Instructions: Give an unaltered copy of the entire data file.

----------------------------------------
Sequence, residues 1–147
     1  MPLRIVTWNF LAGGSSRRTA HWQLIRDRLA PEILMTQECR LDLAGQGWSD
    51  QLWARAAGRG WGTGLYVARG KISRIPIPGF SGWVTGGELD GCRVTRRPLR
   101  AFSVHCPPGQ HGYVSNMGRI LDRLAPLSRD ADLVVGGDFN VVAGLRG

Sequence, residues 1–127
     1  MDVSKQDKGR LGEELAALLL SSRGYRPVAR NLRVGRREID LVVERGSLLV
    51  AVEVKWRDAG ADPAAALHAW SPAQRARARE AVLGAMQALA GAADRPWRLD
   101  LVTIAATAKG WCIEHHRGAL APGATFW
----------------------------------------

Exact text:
Sequence, residues 1–147
     1  MPLRIVTWNF LAGGSSRRTA HWQLIRDRLA PEILMTQECR LDLAGQGWSD
    51  QLWARAAGRG WGTGLYVARG KISRIPIPGF SGWVTGGELD GCRVTRRPLR
   101  AFSVHCPPGQ HGYVSNMGRI LDRLAPLSRD ADLVVGGDFN VVAGLRG

Sequence, residues 1–127
     1  MDVSKQDKGR LGEELAALLL SSRGYRPVAR NLRVGRREID LVVERGSLLV
    51  AVEVKWRDAG ADPAAALHAW SPAQRARARE AVLGAMQALA GAADRPWRLD
   101  LVTIAATAKG WCIEHHRGAL APGATFW